A world in which gay marriage was the norm would very quickly lead to extinction, so it's a rather poor hypothetical to offer. There is no legitimate question that heterosexuality is the norm for all mammalian species, including humans. I don't think people who find themselves to be "gay" are indulging in sin, I think they have a modest misfiring of certain genes and biochemical responses, and by all means, we should be compassionate about allowing them to make the best of the cards they were dealt. But without the development of two complementary sexes, we would have no sexual emotions at all, and homosexuality would not exist either. Its a secondary offshoot, an evolutionary blind alley, significant only to the affections of the individuals concerned.

I'm not arguing for "the way its always been." I'm simply saying, there is an objective biological basis for the marriage laws that have existed up to 2003, and there is nothing about them that denies any individual PERSON the equal protection of the laws. The fact that some persons don't wish to avail themselves of marriage, and do wish to pursue something not currently regulated, licensed, or taxed, does not show any invidious discrimination whatsoever.

I can never conceive a baby in my own abdomen, or give birth to a child of my own body. That's because I'm male, and males lack the capacity. I am not a victim of discrimination based on sex -- not by the law. When laws were passed to allow pregnancy leave for women, some men complained that this was discrimination on the basis of sex. OK, I suggested, amend the law to provide that any man or woman who becomes pregnant is equally entitled to pregnancy leave.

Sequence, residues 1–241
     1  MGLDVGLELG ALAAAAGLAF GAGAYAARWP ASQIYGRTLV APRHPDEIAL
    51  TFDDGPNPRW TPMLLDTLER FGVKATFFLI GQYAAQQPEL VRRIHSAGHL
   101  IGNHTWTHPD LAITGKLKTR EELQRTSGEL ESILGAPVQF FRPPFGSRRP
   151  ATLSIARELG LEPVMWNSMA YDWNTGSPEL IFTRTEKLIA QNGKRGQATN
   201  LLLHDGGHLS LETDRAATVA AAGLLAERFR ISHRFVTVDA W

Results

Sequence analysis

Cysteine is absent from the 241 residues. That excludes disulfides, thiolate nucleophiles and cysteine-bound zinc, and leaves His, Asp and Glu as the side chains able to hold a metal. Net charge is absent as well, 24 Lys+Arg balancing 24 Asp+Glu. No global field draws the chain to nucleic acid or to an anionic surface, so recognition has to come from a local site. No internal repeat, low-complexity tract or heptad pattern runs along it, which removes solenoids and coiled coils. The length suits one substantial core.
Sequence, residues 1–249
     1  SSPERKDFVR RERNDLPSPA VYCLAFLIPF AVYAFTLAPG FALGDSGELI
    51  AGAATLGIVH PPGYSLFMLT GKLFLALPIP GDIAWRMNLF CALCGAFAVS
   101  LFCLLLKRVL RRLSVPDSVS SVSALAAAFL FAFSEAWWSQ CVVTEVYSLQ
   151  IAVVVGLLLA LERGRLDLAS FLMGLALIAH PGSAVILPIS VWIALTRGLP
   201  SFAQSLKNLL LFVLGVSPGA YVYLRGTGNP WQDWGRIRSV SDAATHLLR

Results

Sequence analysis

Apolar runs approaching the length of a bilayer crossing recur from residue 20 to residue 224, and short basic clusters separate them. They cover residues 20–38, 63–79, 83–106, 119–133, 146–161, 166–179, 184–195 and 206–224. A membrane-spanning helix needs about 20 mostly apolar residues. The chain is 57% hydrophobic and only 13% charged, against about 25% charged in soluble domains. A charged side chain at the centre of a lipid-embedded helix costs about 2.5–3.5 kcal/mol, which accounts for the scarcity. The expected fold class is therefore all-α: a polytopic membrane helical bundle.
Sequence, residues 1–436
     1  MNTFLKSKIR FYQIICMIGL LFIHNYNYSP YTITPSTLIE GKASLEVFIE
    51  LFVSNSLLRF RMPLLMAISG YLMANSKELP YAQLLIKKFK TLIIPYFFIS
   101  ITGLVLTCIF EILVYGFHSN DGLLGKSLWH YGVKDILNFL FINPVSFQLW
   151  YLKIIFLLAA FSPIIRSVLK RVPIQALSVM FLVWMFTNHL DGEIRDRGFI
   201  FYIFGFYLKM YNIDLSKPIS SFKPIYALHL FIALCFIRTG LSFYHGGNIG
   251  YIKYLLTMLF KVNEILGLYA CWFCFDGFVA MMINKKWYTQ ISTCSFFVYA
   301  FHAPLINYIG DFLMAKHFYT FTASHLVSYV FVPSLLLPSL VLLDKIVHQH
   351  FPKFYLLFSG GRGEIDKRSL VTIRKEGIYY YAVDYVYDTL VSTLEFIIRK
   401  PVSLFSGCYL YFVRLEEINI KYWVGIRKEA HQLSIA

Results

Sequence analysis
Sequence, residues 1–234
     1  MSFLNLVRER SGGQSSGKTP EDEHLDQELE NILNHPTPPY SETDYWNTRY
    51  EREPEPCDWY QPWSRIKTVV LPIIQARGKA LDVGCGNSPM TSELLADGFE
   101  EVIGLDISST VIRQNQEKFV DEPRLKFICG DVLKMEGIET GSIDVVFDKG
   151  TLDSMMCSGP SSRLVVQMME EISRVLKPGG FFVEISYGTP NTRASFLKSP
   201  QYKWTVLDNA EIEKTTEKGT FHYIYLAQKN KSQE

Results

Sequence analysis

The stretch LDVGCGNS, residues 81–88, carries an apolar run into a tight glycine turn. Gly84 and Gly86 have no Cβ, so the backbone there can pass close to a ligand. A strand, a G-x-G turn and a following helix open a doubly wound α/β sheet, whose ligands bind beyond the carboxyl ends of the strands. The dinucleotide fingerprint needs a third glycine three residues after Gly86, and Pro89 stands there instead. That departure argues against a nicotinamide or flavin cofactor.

To many people--a majority of Americans, it seems--sex is of as little consequence as race when it comes to marriage. I'm straight. I define marriage as "a union of two people who love each other."

With your opinion, and $8, you can buy yourself a fancy cup of coffee at Starbucks. Your opinion counts for one vote in the electoral arena, and nothing as to the constitutional boundaries of state power. You can urge your legislator to vote to change marriage laws. I'm not particularly opposed to that, although I wouldn't make it a priority either.

To say that sex is of as little consequence to marriage as race betrays pure ignorance or delusional wishful thinking. Without sex, no marriage laws would exist. If marriage is not about sex, then "gay marriage" would not be an issue, because "gay" is also all about sex. Even a gay person who chooses to remain celibate is defined as "gay," if there is such a designation, by their sexual urges.

I voted against my state's DOMA, partly because there wasn't a snowball's chance in hell that our state Supreme Court was going to find a state constitution mandate that the legislature license gay couples as a marriage, partly because I don't much care if a legislative majority votes to do so. But the petty, childish, emotive demand for licensing same sex couples as a matter of "equal protection of the laws" could have all kinds of unintended consequences, and it is in itself bad legal argument.